Final Report on my 12-week Challenge

Here is my 12th and final report for my twelve weeks challenge:


1. I made my reading goal for my 12-week challenge. I finished two books this week which means I’m also on track with my Books To Read in 2016 Challenge for Goodreads.

2. However, I did not make my marketing goal of 70 items this week. I only make 34 marketing promotions this week. But I did something important this week. I redesigned my website. I like the new design. Take a look at and tell me what you think. My Giveaways post on Goodreads have 768 total so far, a gain of 414 entries this week alone. “To Read List” has 308 entries to date, a gain of 172 entries this week alone. The Goodreads Giveaways end tomorrow, Nov. 3 at 11:59 pm. Enter to win one of three signed copies of The Wentworth Legacy.

3. I did not make my word count challenge. I tried but I finished the challenge at 48,506 words. I’m happy I made it this far. But yesterday I decided to do the NaNoWriMo, the National November Writing Month challenge. I have done it the last three years and was able to publish two of my NaNoWriMo novels, The Iron Butterfly published in 2015 and The Wentworth Legacy published in 2016. All are available at


Until next time. Stop and smell the roses.

 Rosalinda Morgan, The Rose Lady

 Author of “The Wentworth Legacy”


Motivational Monday – October 24, 2016


Things cannot always go your way. Learn to accept in silence the minor aggravations, cultivate the gift of taciturnity and consume your own smoke with an extra draught of hard work, so that those about you may not be annoyed with the dust and soot of your complaints.

Sir William Osler



Until next time. Stop and smell the roses.

Rosalinda, The Rose Lady

Rosalinda R. Morgan

Author and Garden Writer


Motivational Monday – October 10, 2016

We can all endure disaster and tragedy, and triumph over them – if we have to. We may not think we can, but we have surprisingly strong inner resources that will see us through if we will only make use of them. We are stronger than we think.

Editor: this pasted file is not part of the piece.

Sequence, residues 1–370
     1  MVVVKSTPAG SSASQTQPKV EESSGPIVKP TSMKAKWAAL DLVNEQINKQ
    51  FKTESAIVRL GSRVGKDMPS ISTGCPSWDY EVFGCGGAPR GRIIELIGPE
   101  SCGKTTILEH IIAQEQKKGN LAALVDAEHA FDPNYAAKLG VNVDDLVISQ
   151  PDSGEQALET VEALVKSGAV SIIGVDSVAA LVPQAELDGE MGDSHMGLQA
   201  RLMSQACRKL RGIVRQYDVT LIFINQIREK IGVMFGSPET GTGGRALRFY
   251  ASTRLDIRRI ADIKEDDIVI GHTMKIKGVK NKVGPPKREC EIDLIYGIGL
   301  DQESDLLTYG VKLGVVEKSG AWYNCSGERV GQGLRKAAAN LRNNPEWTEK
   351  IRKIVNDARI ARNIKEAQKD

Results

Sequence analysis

Dale Carnegie


Until next time. Stop and smell the roses.

Rosalinda, The Rose Lady

Rosalinda R. Morgan

Author and Garden Writer


Motivational Monday – Sept. 19, 2016

A leader has to have the confidence to think that his decision will be proven correct. While trying to retain humility, you must accept that the reason you’re making these decisions and other people are not is because, for now, you’re in charge and they aren’t. You do no one any good if, like Hamlet, you cannot carry the weight of your convictions. Yes, you must guard against arrogance; but if you’re doing your job and putting your motives and conscience through their paces, accept that maybe you really do know better and can see a little further down the road than others.

By Rudolph Giuliani

Until next time. Stop and smell the roses.

Rosalinda, The Rose Lady

Rosalinda R. Morgan

Author and Garden Writer


First Report on My 12-Week Challenge

Here is my first report for my twelve weeks challenge:

1. I did not quite make my goal for the 5000 words/per week or 60,000 words for twelve weeks but I’ll make it up next week. I made it to 4215 words which is not bad at all considering all the doctor’s appointments I had to take my husband to. I read a book while at the doctor’s waiting room.

2. My book to read is on target. I finished one book this week. I have 9 books to read in the next 11 weeks.

3. I made my goal for the marketing of my book, The Wentworth Legacy. I made 74 marketing posts/pitches.  24 posts on Social Media and I made an email list of 47 people that I will be sending an email as soon as my book, The Wentworth Legacy, is available on Amazon.  I decided to wait until the book is on Amazon website so that when they get my email, the book is ready for purchase. I also talked to 3 people about the book.